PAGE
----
Today I’m delighted to welcome Philip Leslie to Me, My Books and I:
Philip began writing poems and stories in his teens, inspired initially by Dylan Thomas and Henry Williamson, later by Faulkner, Joyce, Ted Hughes and Muriel Spark. At art college in South Wales he was a core member of the creative writing group run by poet in residence Gillian Clarke. Novels followed, and the inevitable rejection letters. In 2001 he won a consolation prize in the Bridport Writing Competition with a short story. The following year this was adapted by a theatre company and given a dozen performances at the Edinburgh Fringe. A full-length novel, ‘The History of Us’, was published by Legend in 2009 and shortlisted in the fiction section of East Anglian Book of the Year. Philip is also a composer of amateur woodwind music with a number of titles in print. He and his wife live in Cambridgeshire.
Where did the idea for What Remains come from?
I wanted to write a ‘then and now’ type of book, with ‘now’ having been affected by events many years earlier. In this case, a close-knit group of friends which had drifted apart, and the reasons why.
Who was your favourite character to write and why?
Janet. I gave her a broad range of skills, which made her interesting to write about. She can play guitar, captain a netball team and not only strip a motorbike, but put it back together again. She’s also the group comedian, a foil for Charlotte’s earnestness, Paul’s dark brooding and Nathan’s wistfulness.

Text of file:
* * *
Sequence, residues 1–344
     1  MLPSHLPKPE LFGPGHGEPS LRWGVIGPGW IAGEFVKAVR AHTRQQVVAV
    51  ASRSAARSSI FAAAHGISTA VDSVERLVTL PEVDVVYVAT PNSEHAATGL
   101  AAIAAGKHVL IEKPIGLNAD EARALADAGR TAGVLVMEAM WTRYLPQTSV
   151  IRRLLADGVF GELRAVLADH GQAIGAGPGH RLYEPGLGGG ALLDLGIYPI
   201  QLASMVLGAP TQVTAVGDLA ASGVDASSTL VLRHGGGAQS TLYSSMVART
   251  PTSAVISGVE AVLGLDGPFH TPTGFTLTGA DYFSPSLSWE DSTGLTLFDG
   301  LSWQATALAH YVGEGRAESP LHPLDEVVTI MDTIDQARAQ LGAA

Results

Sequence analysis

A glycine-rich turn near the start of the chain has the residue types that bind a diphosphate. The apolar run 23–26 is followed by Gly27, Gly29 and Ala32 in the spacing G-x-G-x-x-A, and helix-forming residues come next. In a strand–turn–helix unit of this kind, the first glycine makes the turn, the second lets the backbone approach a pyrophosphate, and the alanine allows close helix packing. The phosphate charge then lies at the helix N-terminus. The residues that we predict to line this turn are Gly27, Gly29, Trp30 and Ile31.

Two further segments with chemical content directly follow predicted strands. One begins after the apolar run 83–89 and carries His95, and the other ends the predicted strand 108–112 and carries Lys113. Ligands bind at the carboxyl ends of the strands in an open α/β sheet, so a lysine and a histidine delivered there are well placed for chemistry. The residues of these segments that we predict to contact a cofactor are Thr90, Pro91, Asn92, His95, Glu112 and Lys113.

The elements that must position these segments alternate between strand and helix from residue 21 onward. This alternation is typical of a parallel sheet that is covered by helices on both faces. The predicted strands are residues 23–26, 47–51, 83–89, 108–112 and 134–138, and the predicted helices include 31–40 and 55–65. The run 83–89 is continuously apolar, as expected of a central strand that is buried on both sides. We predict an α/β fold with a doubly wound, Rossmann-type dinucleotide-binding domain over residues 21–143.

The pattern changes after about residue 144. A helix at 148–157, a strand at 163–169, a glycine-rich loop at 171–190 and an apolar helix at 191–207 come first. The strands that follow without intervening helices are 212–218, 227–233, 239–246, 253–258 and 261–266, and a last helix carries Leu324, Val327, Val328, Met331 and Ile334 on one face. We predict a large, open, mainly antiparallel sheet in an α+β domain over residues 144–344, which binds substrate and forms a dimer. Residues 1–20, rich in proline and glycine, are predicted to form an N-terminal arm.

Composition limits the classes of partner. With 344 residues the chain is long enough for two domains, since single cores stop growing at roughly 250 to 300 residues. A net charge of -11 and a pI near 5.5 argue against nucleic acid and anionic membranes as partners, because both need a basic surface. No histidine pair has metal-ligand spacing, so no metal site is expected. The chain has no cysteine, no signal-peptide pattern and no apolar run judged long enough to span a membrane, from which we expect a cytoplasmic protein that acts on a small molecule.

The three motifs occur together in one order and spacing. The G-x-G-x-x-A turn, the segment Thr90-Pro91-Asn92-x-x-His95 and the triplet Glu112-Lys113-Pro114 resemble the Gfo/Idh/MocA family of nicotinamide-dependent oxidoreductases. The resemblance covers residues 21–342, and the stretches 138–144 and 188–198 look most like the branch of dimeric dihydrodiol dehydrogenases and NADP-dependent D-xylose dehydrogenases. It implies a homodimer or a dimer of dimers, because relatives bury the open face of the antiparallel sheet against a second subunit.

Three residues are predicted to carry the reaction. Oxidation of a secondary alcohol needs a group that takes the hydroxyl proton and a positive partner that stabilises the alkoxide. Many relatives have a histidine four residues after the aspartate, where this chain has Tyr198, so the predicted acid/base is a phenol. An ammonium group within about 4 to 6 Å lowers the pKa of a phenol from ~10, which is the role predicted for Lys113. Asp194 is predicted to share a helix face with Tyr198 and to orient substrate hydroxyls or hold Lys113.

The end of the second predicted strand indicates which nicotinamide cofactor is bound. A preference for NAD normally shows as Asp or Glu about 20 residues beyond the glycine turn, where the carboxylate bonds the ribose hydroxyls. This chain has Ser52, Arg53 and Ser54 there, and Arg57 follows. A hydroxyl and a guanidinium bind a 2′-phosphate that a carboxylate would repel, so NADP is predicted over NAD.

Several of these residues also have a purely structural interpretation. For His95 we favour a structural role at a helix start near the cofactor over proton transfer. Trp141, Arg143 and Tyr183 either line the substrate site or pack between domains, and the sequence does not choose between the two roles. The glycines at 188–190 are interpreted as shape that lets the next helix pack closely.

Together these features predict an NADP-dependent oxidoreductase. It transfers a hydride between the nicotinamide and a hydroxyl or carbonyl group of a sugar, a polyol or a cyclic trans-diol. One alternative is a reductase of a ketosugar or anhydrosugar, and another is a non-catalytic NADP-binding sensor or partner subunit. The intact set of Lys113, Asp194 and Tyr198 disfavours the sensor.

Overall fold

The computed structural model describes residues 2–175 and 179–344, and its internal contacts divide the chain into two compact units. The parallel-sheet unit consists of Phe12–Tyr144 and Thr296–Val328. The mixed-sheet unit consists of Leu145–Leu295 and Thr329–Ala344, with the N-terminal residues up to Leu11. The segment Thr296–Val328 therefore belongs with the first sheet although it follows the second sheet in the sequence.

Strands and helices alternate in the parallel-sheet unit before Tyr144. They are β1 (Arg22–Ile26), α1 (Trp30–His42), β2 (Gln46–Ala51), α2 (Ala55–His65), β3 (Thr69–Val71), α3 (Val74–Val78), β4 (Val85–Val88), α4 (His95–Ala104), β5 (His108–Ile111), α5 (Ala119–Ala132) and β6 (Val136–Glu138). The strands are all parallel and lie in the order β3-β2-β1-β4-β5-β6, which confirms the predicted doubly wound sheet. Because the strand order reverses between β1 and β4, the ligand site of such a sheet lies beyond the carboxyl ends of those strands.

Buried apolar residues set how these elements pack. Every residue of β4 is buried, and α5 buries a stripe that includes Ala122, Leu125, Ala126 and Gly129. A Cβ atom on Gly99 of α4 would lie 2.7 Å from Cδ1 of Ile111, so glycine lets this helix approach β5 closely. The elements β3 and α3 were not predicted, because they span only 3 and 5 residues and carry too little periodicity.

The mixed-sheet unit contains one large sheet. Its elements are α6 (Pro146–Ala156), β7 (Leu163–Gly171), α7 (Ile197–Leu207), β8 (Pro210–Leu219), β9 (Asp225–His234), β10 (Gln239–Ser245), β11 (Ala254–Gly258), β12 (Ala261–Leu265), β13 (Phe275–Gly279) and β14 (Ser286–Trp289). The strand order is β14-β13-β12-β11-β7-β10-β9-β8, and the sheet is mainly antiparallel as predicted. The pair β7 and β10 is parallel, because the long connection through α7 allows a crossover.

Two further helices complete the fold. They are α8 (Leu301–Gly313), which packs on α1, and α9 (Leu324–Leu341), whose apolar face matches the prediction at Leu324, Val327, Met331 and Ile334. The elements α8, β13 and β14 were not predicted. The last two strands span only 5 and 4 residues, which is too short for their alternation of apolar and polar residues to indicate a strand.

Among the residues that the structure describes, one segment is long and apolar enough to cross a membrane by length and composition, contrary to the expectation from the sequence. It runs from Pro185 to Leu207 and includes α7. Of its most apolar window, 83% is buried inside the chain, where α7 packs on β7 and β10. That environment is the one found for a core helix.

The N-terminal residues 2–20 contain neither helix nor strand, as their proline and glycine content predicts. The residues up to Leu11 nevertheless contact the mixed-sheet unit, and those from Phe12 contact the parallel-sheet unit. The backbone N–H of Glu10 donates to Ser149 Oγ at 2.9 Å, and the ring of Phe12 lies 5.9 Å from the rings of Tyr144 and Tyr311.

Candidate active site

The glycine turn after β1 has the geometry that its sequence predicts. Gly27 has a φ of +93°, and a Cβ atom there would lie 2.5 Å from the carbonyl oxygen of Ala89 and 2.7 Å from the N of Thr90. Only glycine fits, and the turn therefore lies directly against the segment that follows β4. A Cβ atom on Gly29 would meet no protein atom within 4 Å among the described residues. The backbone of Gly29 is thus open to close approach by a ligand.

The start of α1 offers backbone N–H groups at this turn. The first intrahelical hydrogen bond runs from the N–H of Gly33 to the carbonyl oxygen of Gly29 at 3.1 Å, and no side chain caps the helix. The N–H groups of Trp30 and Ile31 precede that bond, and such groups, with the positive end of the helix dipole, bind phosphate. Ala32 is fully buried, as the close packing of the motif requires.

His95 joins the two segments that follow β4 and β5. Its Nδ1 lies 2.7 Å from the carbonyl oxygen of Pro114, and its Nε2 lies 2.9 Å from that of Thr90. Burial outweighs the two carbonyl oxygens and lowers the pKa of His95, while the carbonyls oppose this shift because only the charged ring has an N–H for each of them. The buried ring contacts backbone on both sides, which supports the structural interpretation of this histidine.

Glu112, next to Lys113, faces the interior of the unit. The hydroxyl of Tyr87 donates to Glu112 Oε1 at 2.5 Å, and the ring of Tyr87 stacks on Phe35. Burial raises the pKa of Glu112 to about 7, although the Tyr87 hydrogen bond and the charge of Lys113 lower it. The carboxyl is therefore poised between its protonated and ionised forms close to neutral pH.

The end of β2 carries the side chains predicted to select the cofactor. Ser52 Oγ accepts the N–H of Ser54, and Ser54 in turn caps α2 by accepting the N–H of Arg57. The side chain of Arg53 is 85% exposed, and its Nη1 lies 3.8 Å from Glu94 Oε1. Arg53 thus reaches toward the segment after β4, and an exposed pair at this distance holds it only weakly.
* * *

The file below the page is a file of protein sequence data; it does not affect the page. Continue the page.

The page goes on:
What do you hope readers will learn from What Remains?
To read ‘The History of Us’ afterwards!
Is any part of What Remains based on your own personal experiences?
The settings are places I used to know well. The time period is one I enjoy revisiting in fiction: the point when school ends and higher education begins.
Why did you choose to write in your particular genre?
I’m not sure if I write in one particular genre. Even though parts of this book are set in the same time period as my previous novel, ‘The History of Us’, it’s quite different. The early book is realistic, although there is one non-realistic twist in the telling. My next book will have a sci-fi theme and the book after that is, for want of a better description, a crowd scene: umpteen interconnecting biographies covering much of the twentieth century. The great Diana Wynne Jones’ books appear to be in a specific genre (magic/fantasy/speculative), but several of them subvert those genres and turn the reader’s assumptions upside down. ‘Power of Three’ is a perfect example. I won’t spoil the plot for those yet to read it, but will mention that all is not as it seems. It’s a fantasy novel, yes, but when the identity of the giants is revealed, you are forced to re-assess everything that’s gone before.